Johannes Hendrik Groenewald, 21 November 1935 - 2 October 2010

Hannes Groenewald was one of South Africa’s first generation of intensivists and a former President of the Critical Care Society of Southern Africa. After obtaining his MB ChB at the University of Pretoria in 1960 he specialised in surgery at Stellenbosch University and was awarded the MMed in 1968. He planned and commissioned the Surgical Intensive Care Unit at the new Tygerberg Hospital and ensured that it was equipped with the most advanced technology available at the time. He was Head of the SICU from 1975 until his retirement in 2001. After retiring he continued to work at Tygerberg Hospital in administration, overseeing the procurement of consumables until a few weeks before his death at the age of 74.

Hannes served on the council of the Critical Care Society of South-ern Africa during the 1980s, organised several highly successful critical care congresses in the Cape, and served a term as President of the Society. His interest in intensive care probably grew from his practice as a vascular surgeon and soon became his main passion. He introduced the pulmonary artery catheter, volume-cycled ventilators, parenteral nutrition and vasopressors to critical care at Tygerberg Hospital. He was fascinated by technology, was a keen and early user of the personal computer, and established the first non-invasive vascular laboratory in the country.

Hannes came across as a very reserved, almost taciturn man, but would occasionally break into a half smile when something tickled his wry sense of humour. He was very tolerant of new and inexperienced consultants in the ICU, giving them a free hand to run things their own way. However, on matters of principle, and when it came to protecting the interest of the SICU, he was formidable. During the 1984 outbreak of Crimean-Congo haemorrhagic fever, when the SICU was quarantined and managing critically ill members of its own staff, he worked tirelessly lobbying the health authorities, even managing to get a new Coulter counter purchased and flown to the hospital overnight so that platelet counts could be done around the clock without having to send the blood samples out of the unit.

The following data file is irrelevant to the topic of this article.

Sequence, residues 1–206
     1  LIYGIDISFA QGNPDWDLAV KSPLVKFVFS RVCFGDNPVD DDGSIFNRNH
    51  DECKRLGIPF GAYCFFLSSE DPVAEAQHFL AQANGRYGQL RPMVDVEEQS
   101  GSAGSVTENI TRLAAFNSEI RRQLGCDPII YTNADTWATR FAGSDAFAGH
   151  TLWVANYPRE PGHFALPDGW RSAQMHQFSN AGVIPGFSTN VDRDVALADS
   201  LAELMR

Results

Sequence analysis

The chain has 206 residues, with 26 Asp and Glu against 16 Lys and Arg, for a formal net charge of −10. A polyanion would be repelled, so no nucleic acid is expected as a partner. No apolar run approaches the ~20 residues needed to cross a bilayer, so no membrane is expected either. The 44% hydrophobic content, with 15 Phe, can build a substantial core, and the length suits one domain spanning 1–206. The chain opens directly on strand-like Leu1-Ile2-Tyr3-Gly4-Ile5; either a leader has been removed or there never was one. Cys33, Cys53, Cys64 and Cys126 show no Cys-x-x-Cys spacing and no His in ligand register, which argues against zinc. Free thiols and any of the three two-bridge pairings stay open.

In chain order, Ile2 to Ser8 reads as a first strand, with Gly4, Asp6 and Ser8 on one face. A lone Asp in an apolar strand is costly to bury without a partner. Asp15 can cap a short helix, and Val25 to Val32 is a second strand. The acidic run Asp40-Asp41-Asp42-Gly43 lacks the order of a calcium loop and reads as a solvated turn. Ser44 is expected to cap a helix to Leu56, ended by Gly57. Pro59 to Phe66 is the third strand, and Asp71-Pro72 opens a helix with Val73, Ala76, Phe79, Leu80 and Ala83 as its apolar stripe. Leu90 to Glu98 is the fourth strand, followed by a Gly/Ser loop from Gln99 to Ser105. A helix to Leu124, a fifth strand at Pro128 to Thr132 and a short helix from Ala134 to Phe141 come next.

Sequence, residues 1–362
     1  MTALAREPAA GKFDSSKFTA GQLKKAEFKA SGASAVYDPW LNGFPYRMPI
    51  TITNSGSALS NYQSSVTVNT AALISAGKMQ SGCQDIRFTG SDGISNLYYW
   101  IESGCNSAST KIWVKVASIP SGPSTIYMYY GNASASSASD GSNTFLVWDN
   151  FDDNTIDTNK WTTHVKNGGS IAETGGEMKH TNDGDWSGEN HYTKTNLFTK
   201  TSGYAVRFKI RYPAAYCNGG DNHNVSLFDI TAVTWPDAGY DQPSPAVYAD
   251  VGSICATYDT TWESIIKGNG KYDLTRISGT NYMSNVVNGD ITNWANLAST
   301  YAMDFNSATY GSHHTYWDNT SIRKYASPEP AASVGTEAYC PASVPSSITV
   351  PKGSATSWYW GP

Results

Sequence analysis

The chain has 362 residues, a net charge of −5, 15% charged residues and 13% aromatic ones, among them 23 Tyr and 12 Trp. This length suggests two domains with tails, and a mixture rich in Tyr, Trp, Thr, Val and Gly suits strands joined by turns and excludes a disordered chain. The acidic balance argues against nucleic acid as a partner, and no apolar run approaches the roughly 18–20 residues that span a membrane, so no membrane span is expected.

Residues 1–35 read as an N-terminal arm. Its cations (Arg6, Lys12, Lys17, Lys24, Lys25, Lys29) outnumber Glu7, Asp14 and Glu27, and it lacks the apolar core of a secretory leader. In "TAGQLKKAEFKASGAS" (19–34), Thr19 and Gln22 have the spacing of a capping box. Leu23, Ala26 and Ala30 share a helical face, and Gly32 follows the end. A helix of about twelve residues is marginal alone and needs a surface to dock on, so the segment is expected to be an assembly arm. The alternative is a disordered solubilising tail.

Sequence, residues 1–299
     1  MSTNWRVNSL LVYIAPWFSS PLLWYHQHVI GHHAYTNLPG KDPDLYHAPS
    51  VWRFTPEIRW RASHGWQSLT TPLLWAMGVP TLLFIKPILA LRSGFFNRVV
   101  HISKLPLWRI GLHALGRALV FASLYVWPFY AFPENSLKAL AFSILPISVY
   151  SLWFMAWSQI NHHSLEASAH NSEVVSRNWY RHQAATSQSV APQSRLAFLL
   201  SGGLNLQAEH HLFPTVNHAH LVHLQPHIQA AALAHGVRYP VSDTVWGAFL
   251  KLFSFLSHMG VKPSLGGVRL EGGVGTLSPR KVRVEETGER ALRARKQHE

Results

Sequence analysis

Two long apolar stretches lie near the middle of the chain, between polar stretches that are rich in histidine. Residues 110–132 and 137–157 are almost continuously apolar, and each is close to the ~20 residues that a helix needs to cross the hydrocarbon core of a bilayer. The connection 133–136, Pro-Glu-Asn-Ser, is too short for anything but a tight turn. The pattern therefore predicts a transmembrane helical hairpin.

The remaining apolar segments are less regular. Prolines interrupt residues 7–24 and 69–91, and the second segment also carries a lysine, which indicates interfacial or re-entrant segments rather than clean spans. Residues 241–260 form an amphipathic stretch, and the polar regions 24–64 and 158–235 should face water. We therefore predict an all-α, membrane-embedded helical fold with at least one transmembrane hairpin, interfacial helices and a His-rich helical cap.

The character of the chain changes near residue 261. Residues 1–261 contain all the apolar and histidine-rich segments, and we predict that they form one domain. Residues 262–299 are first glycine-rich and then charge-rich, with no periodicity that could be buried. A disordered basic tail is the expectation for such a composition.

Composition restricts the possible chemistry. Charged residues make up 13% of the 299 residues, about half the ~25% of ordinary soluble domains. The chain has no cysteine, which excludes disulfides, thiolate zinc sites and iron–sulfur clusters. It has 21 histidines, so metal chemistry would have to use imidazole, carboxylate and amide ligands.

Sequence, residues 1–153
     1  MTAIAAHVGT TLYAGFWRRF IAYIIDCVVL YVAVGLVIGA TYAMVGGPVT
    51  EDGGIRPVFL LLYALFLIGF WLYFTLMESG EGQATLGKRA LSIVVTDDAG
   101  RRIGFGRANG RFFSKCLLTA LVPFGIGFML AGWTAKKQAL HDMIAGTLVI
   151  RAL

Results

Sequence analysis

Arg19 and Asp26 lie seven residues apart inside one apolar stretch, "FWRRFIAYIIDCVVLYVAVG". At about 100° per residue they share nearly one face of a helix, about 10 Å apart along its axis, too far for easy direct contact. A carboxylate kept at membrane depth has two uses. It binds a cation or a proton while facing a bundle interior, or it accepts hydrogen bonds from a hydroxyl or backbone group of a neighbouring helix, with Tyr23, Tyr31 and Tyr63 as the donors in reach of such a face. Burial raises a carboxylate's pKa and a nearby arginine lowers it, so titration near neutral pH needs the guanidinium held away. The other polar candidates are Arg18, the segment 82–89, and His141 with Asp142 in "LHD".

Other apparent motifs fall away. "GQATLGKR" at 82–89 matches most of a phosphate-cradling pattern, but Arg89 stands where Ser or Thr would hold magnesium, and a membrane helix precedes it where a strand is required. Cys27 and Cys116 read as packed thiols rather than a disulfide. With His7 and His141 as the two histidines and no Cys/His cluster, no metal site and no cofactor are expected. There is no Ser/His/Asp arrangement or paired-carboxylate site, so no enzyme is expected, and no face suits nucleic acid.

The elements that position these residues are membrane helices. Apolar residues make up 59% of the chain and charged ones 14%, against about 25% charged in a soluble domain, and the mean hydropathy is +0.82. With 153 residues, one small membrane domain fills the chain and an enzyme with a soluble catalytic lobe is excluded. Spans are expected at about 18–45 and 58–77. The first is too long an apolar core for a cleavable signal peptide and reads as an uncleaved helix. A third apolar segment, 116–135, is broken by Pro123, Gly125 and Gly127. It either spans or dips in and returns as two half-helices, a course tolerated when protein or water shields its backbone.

Hannes’s private life was very private. He loved jazz and rock, and possessed a huge collection of music and, of course, the most sophisticated hi fi system. He was devoted to his family and leaves his wife Rina and children Ilinda, Retha and Deon.

W L Michell

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